Fonterra said its first half net profit shot up by 123 per cent to $409 million, allowing the company to double its interim dividend payout to 20 cents a share.
The company's normalised earnings before interest and tax came to $665 million, up 77 per cent.
The co-operative, which is New Zealand's biggest exporter, said it also intended to declare a 20c per share dividend in two payments of 10c each in May and August - bringing the total for the year to 40c - to help farmer cash flows.
• Fonterra - Press conference live
As expected, Fonterra left its 2015/6 farmgate milk price unchanged at $3.90 per kg of milksolids, which compares with the average breakeven point of $5.25 a kg.
Fonterra's Profit - Five Points:
• Low milk prices mean reduced input costs for Fonterra, which improves its financial performance and allows the company to increase its dividend.
• The size of the increase in part reflects same six-month period a year earlier, which was hit by abnormally high inventory costs.
• Much of the improved performance came from a 108 per cent increase in earnings from the value-added part of Fonterra that is responsible for branded products (such as Anchor cream cheese and mozzarella.) Much more milk - 235 million litres - has been shifted higher into added value value products.
• Earnings from the ingredients side - responsible for the commodities such as whole milk powder - were up by 27 per cent - reflecting increased efficiency.
• Fonterra's improved financial means it can double its first half dividend to 20c. In addition, it plans to pay its final dividend for the year - also 20c - in two payments earlier in the year - to help farmer cashflows.
Our management is aware of the need for strong performance to ensure that we get every possible cent back into farmers' hands during a very tough year.
The sharp increase in earnings came from low milk prices, which are Fonterra's main input cost, and a strong performance from the value-added side of the business - consumer and foodservice - which reported a 108 per cent increase in normalised earnings before interest and tax (EBIT) to $241 million.
The commodities side - ingredients - reported a 27 per cent lift in EBIT to $617 million.
Fonterra said it had shifted an additional 235 million litres of milk higher up into the value chain and not consumer and foodservice products over the half.
Chairman John Wilson said that the supply and demand imbalance in the globally traded dairy market had brought prices down to unsustainable levels for farmers around the world, and particularly in New Zealand. The strong New Zealand dollar has also had a negative impact on the milk price.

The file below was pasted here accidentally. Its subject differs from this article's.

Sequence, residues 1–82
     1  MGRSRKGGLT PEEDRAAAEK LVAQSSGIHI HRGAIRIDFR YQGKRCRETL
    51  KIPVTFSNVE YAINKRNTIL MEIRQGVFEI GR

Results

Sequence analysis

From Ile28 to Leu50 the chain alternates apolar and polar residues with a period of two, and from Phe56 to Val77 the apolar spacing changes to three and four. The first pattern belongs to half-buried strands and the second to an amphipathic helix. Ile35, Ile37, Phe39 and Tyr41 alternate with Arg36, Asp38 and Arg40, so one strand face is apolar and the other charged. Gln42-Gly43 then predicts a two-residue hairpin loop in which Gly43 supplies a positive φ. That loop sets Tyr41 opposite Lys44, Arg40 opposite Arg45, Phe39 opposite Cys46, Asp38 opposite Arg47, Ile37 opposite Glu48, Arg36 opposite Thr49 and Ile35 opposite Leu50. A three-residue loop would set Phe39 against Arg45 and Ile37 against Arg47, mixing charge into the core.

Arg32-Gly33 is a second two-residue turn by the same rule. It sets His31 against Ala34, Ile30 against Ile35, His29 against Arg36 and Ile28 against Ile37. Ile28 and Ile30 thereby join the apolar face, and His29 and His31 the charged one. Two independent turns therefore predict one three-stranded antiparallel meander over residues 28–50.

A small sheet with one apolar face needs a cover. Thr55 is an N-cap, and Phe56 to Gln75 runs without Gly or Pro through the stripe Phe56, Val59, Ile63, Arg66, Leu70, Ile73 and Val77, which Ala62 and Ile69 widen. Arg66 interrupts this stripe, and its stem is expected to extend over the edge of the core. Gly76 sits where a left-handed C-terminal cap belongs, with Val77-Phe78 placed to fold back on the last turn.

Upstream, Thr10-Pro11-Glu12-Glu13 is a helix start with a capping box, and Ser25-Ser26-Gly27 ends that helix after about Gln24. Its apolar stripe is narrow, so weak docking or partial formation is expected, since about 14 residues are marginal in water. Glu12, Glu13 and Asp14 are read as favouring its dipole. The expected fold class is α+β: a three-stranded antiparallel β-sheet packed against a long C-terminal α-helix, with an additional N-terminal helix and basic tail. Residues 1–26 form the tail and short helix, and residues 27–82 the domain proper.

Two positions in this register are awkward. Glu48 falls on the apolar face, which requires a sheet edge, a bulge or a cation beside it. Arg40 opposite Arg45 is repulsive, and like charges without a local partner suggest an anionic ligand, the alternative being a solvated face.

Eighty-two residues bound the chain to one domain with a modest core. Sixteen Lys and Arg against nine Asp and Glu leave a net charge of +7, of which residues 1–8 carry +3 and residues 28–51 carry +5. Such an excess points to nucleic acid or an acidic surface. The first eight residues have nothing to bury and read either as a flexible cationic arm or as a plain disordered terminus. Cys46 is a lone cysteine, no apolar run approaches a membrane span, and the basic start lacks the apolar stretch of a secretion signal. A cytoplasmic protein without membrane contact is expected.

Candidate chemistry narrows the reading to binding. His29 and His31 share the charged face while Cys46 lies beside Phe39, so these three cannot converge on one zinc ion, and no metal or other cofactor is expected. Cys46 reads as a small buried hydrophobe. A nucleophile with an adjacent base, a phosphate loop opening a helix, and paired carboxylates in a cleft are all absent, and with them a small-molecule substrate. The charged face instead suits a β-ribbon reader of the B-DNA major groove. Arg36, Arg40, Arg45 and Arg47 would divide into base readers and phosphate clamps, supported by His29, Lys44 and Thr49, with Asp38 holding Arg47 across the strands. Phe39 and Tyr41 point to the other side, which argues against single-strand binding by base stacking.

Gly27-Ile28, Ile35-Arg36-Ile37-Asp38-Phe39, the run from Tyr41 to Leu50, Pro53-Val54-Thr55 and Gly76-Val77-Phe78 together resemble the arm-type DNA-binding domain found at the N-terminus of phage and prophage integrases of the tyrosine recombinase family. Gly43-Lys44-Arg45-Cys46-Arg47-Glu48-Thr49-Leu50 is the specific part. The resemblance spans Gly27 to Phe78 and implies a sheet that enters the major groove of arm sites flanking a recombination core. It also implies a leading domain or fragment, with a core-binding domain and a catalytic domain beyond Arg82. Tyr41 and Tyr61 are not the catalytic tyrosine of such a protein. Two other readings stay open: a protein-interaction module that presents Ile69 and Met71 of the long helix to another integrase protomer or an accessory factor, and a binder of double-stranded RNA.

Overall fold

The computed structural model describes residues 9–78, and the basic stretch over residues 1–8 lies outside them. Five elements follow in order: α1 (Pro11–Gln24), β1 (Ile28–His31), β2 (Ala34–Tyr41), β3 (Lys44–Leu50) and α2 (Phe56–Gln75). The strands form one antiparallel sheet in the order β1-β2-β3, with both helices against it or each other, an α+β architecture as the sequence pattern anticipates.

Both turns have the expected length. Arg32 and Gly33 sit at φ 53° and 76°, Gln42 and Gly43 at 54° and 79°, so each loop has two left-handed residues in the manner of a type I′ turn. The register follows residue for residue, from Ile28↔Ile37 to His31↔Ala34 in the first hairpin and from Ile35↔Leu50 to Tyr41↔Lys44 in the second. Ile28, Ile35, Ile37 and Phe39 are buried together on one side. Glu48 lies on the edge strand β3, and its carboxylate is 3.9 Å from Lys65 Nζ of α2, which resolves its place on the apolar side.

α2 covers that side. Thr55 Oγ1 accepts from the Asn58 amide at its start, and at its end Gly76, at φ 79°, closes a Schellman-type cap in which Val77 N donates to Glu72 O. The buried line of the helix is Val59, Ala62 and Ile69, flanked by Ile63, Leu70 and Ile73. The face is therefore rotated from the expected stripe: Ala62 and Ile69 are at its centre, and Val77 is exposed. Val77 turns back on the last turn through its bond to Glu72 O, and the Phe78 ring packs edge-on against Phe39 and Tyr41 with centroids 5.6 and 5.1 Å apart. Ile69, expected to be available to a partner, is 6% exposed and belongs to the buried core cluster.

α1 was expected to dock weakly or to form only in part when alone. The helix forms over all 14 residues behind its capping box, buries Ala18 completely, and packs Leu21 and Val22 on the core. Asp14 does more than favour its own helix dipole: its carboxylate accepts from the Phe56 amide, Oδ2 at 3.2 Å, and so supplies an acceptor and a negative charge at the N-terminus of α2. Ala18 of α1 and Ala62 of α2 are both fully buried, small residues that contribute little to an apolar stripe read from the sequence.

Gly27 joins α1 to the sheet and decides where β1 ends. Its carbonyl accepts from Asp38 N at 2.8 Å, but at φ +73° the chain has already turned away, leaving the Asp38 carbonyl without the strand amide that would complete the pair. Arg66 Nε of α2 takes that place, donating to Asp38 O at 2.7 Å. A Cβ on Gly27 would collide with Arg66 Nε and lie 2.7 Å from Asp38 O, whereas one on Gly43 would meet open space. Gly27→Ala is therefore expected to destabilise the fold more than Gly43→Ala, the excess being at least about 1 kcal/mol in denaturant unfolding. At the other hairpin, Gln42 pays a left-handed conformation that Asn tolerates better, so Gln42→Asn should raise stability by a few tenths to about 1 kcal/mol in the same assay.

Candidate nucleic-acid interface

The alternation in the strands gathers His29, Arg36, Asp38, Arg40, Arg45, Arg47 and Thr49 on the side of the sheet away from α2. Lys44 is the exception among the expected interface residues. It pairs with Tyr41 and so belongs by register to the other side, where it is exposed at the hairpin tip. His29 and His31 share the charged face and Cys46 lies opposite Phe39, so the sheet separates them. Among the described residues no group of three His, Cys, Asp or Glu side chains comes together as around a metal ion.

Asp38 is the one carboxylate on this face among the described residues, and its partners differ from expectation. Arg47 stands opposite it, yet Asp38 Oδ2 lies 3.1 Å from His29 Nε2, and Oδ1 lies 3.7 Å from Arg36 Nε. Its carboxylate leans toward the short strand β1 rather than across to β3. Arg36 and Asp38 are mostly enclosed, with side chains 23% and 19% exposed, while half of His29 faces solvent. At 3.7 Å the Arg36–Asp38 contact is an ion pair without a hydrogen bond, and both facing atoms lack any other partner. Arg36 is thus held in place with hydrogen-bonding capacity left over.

See some of the profit numbers in a Fonterra Tweet here:
"Our management is aware of the need for strong performance to ensure that we get every possible cent back into farmers' hands during a very tough year," he said in a statement.
"We have lifted profitability from last season to this season, resulting in higher earnings per share to help offset low global dairy prices," he said.
Fonterra said its farmgate milk price of $3.90 per kg reflects low global dairy prices, with whole milk powder decreasing around 17 per cent this season to date.
The forecast total available for payout of $4.35-$4.45 per kg equates to a forecast cash payout of $4.30 per kg after "retentions" - funds retained by the company.
Wilson said the timing of the dividend payments was a specific response to the current challenging, financial conditions farmers are facing and did not signal an intention to move away from Fonterra's normal practice of twice-yearly dividends paid in April and October.
Chief executive Theo Spierings said the co-operative's working capital had improved significantly, and our inventory levels are lower than in recent periods for this time of year - down 9 per cent in volume terms due to strong sales. On the debt side, Fonterra's with gearing ratio dropped to 49 per cent from 51 per cent in the previous year.
Fonterra Shareholders' Council Chairman, Duncan Coull, said today's was in line with forecasts, and the expectations of the Council.
He said that the Board's decision to pay out an interim dividend of 20 cents per share, and to accelerate the final dividend payments, would be very well-received by Farmer Shareholders and "go some way to alleviating immediate on-farm cash-flow pressures."
"With the forecast Milk Price remaining at $3.90 per kg/MS, Farmer Shareholders' expectations are that the value-add side of their business will provide them the much talked about counter-cyclical benefits," he said.
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